Australia Plans Cyprus-Style Bail-In Of Banks In 2013-14 Budget

Australian Banks “Welcome” Cyprus-Style Bail-In Plan

IMF Tells Australian Lawmakers To “Prevent Premature Disclosure Of Sensitive Information” On Bank Bail-Ins

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Crisis Management: APRA To Be Given Power To “Direct” Your Super

17 Jul
Australian Treasury,  Strengthening APRA's Crisis Management Powers, September 2012, page 34 (click to enlarge)

Australian Treasury, Strengthening APRA’s Crisis Management Powers, September 2012, page 34 (click to enlarge)

It’s been a big week for your humble blogger, vis-a-vis finding incriminating evidence on government websites.

Here’s another example of something I have warned of (repeatedly) since the inception of this blog, now coming to fruition.

That like so many other countries in the Western world since 2008, our government too would, someday, use the pretext of “crisis management” to steal your super to prop up an insolvent financial system.

Today, we learn that the Orwellian euphemism that has been chosen to describe this process in Australia, is “direction powers”.

From the Australian Treasury’s Consultation Paper, Strengthening APRA’s Crisis Management Powers, September 2012 (my bold emphasis added):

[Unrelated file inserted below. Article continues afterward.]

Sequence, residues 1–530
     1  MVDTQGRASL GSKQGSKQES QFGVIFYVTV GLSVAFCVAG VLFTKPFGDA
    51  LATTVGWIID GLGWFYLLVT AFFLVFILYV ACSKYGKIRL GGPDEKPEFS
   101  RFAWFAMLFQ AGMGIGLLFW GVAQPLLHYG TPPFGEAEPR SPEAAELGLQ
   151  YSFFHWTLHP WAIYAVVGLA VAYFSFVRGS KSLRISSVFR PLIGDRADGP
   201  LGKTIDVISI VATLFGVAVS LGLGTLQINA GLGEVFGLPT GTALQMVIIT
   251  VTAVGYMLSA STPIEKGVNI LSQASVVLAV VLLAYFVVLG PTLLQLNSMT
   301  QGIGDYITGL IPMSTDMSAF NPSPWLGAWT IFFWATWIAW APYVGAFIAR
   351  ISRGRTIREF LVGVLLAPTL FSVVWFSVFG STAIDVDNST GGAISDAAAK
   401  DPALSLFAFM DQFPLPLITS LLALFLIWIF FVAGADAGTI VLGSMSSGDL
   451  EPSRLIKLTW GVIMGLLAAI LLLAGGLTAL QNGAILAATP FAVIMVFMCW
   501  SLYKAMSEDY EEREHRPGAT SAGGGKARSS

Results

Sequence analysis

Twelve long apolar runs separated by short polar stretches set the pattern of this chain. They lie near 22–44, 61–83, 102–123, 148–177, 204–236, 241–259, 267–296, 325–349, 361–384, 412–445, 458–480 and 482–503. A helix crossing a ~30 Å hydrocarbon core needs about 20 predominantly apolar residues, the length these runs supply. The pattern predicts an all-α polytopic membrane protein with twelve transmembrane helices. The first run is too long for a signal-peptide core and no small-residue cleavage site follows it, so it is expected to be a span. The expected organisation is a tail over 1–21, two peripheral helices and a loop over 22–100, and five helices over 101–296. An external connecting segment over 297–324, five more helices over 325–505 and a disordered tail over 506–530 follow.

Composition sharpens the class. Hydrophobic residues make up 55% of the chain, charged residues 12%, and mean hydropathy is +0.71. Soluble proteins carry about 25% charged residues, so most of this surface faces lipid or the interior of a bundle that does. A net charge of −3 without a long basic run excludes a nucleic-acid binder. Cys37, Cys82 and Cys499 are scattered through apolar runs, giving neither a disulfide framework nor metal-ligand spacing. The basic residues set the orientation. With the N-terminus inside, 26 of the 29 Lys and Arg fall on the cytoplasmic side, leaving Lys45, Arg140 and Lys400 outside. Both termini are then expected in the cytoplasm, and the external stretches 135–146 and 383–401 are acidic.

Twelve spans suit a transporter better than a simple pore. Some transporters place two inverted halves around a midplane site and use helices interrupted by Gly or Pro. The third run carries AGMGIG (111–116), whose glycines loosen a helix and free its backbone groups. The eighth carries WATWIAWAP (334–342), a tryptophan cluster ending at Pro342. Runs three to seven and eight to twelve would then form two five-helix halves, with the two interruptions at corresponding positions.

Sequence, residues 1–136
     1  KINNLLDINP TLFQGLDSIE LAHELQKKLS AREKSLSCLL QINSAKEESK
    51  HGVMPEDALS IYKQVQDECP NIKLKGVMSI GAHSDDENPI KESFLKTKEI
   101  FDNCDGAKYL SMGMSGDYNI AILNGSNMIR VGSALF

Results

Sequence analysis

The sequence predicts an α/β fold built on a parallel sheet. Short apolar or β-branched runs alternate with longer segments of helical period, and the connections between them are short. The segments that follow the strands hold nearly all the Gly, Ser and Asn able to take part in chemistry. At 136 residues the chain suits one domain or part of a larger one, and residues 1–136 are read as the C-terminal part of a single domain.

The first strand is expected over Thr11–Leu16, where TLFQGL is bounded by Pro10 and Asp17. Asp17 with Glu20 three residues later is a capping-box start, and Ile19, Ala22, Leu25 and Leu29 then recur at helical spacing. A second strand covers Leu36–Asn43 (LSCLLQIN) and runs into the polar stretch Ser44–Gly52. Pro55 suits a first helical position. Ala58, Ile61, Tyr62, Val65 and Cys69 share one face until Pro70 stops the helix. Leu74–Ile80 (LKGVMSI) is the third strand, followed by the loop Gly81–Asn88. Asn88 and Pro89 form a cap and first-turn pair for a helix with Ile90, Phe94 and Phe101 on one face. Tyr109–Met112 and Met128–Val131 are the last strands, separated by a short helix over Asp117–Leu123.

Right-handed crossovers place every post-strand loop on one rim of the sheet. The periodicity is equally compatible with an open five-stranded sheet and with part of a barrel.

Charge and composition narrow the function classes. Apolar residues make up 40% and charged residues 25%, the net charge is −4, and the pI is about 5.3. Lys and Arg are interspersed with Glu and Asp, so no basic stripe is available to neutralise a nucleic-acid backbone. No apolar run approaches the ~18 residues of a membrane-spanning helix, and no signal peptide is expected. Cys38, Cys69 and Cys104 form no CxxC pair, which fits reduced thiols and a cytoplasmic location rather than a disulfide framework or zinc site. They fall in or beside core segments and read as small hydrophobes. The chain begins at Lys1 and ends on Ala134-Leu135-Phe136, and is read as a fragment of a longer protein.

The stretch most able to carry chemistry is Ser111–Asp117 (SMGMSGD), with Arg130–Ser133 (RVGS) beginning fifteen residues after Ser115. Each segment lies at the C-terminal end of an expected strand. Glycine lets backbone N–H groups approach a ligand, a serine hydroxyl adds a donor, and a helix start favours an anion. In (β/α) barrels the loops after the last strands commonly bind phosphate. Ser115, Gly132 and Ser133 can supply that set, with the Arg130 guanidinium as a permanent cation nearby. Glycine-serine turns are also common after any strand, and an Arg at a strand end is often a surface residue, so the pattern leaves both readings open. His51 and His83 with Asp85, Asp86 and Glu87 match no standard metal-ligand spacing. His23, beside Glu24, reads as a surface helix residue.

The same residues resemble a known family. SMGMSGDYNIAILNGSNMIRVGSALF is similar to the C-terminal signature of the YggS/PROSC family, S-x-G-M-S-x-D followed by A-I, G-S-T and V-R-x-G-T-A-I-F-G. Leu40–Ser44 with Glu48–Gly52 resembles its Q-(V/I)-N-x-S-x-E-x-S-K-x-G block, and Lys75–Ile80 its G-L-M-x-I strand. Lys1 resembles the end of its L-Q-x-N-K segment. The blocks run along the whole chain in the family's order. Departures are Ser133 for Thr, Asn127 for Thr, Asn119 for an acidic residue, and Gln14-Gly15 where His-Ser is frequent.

2.3.1 Potential new direction triggers

…it is being considered whether APRA should have new direction powers in relation to superannuation.

The purpose of the direction powers would be for the rectification of significant problems, in the nature of an enforcement power.

Possible triggers for the issue of a direction might include:

  • a breach of the RSE licensee law or licence condition;
  • an anticipated breach of the RSE licensee law or licence condition;
  • promoting instability in the Australian financial system;
  • conducting affairs in an improper or financially unsound way; and
  • where the failure to issue the direction would materially prejudice the interests or reasonable expectations of beneficiaries of the superannuation entity.

Note carefully what is being described here.

Earlier in the same document, the Treasury department bemoaned that:

APRA has comprehensive direction powers in relation to ADIs, general insurers and life insurers but not in relation to RSE licensees, even though the superannuation sector holds approximately $1.4 trillion in savings and a number of superannuation entities hold tens of billions of dollars in assets.

Oh dear! All that money, just sitting there making private sector fund managers rich on fees, and they (the government) don’t have the power to direct what happens to it. Sacre bleu!

Treasury went on to say that APRA needs an “early intervention tool” that is “preemptive”, and so allows it to “address a superannuation entity’s deterioration or non-compliance with prudential requirements”:

Australian Treasury, Strengthening APRA's Crisis Management Powers, September 2012, page 34 (click to enlarge)

Australian Treasury, Strengthening APRA’s Crisis Management Powers, September 2012, page 34 (click to enlarge)